Setting the clocks forward an hour in the springtime and back an hour in the autumn affects more than just your calendar. It may also put your body’s internal clock off balance. The hour of sleep gained or lost might leave you sluggish and cranky. Additionally, it may be harmful. Heart attacks and deadly automobile accidents have risen after the spring switch to Daylight Saving Time.

“In a country which is already deprived of sleep, missing one hour might have a significant effect,” says Harneet Walia, MD, a sleep expert. Everyone adjusts differently to the time shift. Some individuals acclimate within a few days; others take longer. Dr. Walia gives the following advice for adjusting to the time change for your safety and health:

  • Prepare a few days in advance: Dr. Walia suggests that you begin sleeping 15 to 30 minutes earlier than normal, around one week before “springing forward.” Your body needs more time to compensate for the hour missed.
  • Set and stick to a strict timetable: Maintain consistency in your eating, social, sleeping, and exercise schedules throughout the Daylight Saving Timeshift. Dr. Walia adds that exposing oneself to strong light in the morning will also aid adjustment.
  • Avoid long naps: It’s easy to close your eyes in the middle of the day, particularly if you’re feeling lethargic. However, avoiding naps is critical for adapting to the time change since prolonged daytime naps may make it more difficult to sleep through the night.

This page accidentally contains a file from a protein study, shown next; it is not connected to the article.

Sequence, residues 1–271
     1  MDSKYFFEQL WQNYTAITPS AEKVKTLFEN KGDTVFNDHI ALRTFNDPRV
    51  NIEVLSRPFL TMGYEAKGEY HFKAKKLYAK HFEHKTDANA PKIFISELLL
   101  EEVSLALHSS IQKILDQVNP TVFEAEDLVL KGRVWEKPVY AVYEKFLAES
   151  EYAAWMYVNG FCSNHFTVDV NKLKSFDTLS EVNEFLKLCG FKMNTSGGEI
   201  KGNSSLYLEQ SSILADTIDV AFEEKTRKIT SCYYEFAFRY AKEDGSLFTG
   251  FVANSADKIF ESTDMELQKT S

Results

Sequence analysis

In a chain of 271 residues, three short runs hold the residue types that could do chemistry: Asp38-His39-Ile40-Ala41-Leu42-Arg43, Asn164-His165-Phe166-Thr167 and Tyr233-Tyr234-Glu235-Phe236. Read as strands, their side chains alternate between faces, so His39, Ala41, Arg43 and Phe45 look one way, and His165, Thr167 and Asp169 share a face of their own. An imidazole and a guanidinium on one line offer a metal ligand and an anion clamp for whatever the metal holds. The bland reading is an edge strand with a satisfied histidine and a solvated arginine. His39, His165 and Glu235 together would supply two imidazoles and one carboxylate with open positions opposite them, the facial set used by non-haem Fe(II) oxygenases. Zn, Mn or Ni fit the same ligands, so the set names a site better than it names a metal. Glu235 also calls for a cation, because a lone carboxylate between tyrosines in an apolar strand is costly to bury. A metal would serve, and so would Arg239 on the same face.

• Avoid alcoholic beverages and coffee: Four to six hours before night, abstain from coffee and caffeinated drinks. Additionally, alcohol impairs your ability to sleep well, so avoid it late at night.

Habits that will help you get a good night’s sleep.

Bedtime practices are not limited to children! Adults should also develop healthy sleep hygiene practices. Before going to bed, slow your body down. Elevating your body’s core temperature might make sleeping more difficult, so avoid strenuous exercise within a few hours of the night.

Place your cellphone, laptop, or tablet in a safe place. Switch off the tv and pick up a book that is not suspenseful. (Strong light from electronics triggers the mind and inhibits the production of melatonin, a hormone that induces slumber.)

Maintaining a constant quantity of sleep each night also helps, including weekends. “While sleeping in on weekends may seem appealing, it might disturb your sleep pattern,” Dr. Walia explains.